July inflation accelerates to 2.7 percent, fastest in 6 months


Posted at Aug 05 2020 09:07 AM | Updated as of Aug 05 2020 10:12 AM

Commuters wait for a ride along Commonwealth Avenue in Quezon City on August 4, 2020, as Metro Manila and adjacent provinces are placed back under modified enhanced community quarantine. Mark Demayo, ABS-CBN News/File

MANILA (UPDATE) - Inflation quickened in July based on government data released on Wednesday, its fastest pace in 6 months due to rising transport costs.

The consumer price index rose 2.7 percent in July, within the Bangko Sentral ng Pilipinas' estimated range of 2.2 to 3 percent, and between 2.2 to 2.8 percent based on a Reuters poll of 13 economists.

Core inflation, which strips out volatile food and fuel items, was at 3.3 percent. 

"Ito ay sanhi ng mabilis na pagtaas ng presyo ng pamasahe sa tricycle na nagtala ng 33.9 percent inflation nitong Hulyo 2020 mula sa 26.8 percent noong Hunyo 2020," said National Statistician Usec. Claire Dennis Mapa.

(The higher inflation was due to higher tricycle fares which registered a 33.9 percent inflation rate in July from 26.8 percent in June.)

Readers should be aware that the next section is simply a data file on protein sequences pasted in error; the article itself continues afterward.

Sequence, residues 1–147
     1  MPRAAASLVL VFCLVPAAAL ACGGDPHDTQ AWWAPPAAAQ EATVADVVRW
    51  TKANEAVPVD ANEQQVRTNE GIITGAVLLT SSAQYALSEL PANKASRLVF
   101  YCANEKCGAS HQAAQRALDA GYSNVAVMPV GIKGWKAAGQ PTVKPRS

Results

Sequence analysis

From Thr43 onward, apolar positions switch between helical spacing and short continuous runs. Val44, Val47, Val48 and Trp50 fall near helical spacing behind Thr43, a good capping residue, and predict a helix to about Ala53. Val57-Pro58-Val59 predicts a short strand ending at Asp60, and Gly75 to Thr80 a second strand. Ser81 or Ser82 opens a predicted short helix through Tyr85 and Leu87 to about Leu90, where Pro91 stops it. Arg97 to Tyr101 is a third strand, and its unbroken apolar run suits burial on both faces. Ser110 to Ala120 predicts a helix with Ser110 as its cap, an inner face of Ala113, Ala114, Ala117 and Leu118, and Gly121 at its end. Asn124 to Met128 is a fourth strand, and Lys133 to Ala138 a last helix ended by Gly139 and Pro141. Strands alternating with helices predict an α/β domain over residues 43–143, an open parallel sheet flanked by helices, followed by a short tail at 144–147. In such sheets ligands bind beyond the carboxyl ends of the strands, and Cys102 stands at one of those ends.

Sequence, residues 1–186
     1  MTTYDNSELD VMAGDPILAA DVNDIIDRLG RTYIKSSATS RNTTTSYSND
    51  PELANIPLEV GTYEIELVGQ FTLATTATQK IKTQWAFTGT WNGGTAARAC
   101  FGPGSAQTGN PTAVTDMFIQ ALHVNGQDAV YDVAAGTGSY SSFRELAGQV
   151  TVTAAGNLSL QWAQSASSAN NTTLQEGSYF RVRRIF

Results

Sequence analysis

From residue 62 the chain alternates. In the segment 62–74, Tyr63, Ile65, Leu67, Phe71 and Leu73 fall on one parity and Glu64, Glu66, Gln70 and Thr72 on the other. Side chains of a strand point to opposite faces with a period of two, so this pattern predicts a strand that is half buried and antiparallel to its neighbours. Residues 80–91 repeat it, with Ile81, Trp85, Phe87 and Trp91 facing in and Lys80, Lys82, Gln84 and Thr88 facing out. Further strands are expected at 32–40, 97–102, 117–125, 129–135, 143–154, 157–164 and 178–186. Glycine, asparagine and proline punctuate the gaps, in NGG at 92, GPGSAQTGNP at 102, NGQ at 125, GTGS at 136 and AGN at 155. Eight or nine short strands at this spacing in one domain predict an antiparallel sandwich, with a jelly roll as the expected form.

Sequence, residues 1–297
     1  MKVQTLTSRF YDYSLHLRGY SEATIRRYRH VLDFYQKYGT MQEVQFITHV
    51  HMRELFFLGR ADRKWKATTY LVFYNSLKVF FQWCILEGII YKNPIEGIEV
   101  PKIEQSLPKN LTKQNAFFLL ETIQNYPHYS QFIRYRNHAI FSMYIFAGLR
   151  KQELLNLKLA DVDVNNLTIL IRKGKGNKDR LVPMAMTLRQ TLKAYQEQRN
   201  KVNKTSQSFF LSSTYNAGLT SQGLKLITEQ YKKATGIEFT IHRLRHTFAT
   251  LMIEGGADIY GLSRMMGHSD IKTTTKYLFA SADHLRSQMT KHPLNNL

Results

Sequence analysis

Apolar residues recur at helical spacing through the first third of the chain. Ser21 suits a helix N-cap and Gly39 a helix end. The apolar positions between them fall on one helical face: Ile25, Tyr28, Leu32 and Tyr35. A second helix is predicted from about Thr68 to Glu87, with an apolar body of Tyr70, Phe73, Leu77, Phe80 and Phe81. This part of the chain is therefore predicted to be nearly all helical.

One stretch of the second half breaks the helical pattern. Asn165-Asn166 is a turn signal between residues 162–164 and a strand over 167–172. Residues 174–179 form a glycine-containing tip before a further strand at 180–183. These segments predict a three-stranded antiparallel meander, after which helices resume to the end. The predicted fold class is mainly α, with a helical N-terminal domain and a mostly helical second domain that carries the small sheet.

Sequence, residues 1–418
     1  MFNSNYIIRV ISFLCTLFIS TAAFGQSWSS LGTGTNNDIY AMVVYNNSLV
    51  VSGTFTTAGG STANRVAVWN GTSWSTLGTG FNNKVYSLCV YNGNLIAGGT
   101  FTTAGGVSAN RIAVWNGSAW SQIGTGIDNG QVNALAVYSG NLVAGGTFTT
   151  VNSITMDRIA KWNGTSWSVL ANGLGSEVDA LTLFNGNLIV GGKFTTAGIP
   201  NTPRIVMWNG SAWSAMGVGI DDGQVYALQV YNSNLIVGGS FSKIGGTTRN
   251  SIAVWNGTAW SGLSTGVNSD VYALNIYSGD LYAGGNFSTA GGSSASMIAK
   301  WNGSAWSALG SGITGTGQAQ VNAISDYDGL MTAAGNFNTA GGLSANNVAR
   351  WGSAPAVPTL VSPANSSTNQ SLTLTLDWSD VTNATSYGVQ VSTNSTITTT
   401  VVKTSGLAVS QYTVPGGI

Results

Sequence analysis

Transport inflation reached 6.3 percent for the month, from a negative in March, April and May. 

Data from the Philippine Statistics Authority. Processed by ABS-CBN Data Analytics
Transport inflation reached 6.3 percent for the month. Data from the Philippine Statistics Authority. Processed by ABS-CBN Data Analytics

"The BSP forecast inflation to average 2.3 percent this year and 2.6 percent in 2021," ING Philippines senior economist Nicholas Mapa told ANC.

"I think the higher but still benign inflation print is a reflection of a weaker economic activity in the Philippines right now," Mapa said.

"The things that saw a rise in price pressures, basic commodities, transport prices going up because you can no longer share a ride, you have to take a ride by yourself…as long as the virus is out there, we’ll probably be seeing this trend going forward," he added.

Metro Manila, Cavite, Rizal, Bulacan and Laguna were placed back under modified enhanced community quarantine from Aug. 4 to Aug. 18 to give the healthcare system "breathing space" as cases surged.

Under MECQ, more businesses would have to close again, including gyms, internet shops and salons, while dine-in were again suspended to contain the spread of COVID-19. 

BSP Governor Benjamin Diokno earlier said reverting back to MECQ has "limited impact" on the economy.

Second quarter economic growth will be released Thursday, Aug. 6. Diokno earlier said the second quarter would be the worse and that the third quarter would likely be better, before the MECQ reversion was announced.

The BSP cut key interest rates by 175 basis points this year, bringing the benchmark to a record low of 2.25 percent. Diokno said the BSP has room for more policy actions if needed to support the economy.

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